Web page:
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The Honey Badger Visits the Gastroenterologist

March 13, 2012

It has been a full week since we’ve been in an RV park.  As much as being hosted in someone’s home or even staying at a motel is nice, it leads to gastrointestinal problems for the Honey Badger.

The guys bike all day, burning trillions of calories, so they are also eating constantly.  Unfortunately, not all of the nutrients are absorbed in their system.  The leftover nutrients in the guys’ gastrointestinal system converts into waste, which must be expelled from their body to prevent internal ruptures.  Much of the time they transfer their waste to the gastrointestinal system of the Honey Badger via a little orifice I like to call a “toilet.”

Now this “toilet” isn’t like a normal waste collection system.  Though the Honey Badger’s holding tank is many times the size of the average man’s colon, it requires periodic maintenance to expel the festering sewage from its bowels.  After a week of grown men faithfully filling it day by day, this morning was finally time for the Honey Badger to have a bowel movement.

It’s internals are a little different than a humans’, though the naked eye cannot readily detect these differences.  The Honey Badger has two large intestines.  The first is the “Grey Water” holding tank, which is the waste water from the sinks and shower.  The second is the “Black Water” holding tank, which is where everything from what I call a “toilet” goes.  In order to let the Honey Badger do its business, we first need a special hole in the ground usually found in your local RV park.

A large hose with a special connector is inserted into the ground… it’s sort of like a large-scale catheter.  Then there are two levers.  One for grey water, the other for black water.  There is also a hose insert, which acts as a sort of “colonic irrigation” for the Honey Badger, pumping fresh water into the holding tank and blasting out any calloused remains left inside of the tank.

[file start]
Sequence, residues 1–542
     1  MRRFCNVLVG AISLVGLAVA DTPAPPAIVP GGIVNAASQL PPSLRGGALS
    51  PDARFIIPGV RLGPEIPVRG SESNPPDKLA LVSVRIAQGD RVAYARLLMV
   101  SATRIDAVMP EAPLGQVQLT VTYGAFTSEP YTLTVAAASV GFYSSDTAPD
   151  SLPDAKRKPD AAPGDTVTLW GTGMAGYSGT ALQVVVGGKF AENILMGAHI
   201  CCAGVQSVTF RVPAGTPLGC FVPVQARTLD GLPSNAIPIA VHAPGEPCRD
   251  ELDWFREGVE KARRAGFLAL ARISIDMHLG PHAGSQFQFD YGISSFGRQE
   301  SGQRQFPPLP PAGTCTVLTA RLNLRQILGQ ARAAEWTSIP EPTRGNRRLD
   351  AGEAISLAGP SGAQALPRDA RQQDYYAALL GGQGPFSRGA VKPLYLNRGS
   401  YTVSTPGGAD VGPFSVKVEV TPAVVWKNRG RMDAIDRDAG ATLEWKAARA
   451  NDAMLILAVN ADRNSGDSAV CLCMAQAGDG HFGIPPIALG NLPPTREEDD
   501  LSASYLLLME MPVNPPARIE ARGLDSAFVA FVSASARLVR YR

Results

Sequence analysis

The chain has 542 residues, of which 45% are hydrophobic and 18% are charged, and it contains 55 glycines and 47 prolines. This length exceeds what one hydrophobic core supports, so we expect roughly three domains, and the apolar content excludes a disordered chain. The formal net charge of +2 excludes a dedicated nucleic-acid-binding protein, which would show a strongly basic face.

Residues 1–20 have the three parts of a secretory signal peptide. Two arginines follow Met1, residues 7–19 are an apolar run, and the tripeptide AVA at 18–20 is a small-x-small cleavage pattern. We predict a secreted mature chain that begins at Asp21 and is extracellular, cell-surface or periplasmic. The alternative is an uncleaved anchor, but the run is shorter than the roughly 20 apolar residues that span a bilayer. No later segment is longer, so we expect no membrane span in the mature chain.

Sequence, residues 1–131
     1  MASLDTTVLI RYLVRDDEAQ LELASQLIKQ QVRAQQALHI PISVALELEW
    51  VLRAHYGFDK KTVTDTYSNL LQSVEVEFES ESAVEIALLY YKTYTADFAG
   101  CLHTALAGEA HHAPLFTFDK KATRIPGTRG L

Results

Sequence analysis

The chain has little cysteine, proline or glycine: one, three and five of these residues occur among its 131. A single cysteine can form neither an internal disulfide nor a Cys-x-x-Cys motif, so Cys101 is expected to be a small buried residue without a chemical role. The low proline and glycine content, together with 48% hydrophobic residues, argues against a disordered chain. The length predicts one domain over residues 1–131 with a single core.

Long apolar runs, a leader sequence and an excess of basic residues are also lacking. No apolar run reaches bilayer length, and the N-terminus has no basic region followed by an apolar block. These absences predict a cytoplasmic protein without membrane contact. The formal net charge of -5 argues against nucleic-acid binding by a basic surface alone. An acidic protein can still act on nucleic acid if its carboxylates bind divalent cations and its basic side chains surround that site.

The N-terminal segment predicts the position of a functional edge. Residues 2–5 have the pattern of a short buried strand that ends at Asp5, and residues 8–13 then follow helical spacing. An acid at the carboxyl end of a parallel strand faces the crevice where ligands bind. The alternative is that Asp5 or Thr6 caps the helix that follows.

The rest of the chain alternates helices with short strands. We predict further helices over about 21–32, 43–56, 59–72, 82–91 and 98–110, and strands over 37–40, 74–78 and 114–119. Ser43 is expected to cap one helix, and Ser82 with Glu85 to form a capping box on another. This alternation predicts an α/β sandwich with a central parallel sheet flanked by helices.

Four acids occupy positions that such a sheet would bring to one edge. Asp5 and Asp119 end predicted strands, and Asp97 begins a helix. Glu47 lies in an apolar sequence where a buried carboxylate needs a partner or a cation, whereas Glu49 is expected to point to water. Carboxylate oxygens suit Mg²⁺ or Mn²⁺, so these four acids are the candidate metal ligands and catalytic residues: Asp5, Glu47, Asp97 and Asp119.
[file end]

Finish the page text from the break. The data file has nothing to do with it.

The levers open what are essentially internal sphincters.  When pulled, the sphincters release the stores of fermented waste, bringing much needed relief to our beloved Honey Badger.  Black water first, then flushed with a freshwater hose, and followed by the grey water.

We had an unfortunate mishap this morning.  As I pulled the lever to the black water tank, something deep inside the Honey Badger popped, spewing raw sewage not through the hose into the ground, but into the compartment on the side of the RV.  This was most unfortunate, as I was standing right there, and could see and smell what the guys had been eating for the past week as it dumped onto the ground in front of me.  Thankfully it dumped onto the ground, and not in my face or on my clothes, etc.  It made for an exciting morning.

I guess, even the Honey Badger can have an “accident.”

That said, we got a late start this morning.  Instead of following the guys and feeding them, etc., I have taken the Honey Badger to an RV Gastroenterologist in Las Cruces, New Mexico to get the leak fixed.  May the surgeon be gentle.

Even so, the Honey Badger remains as tenacious as ever.

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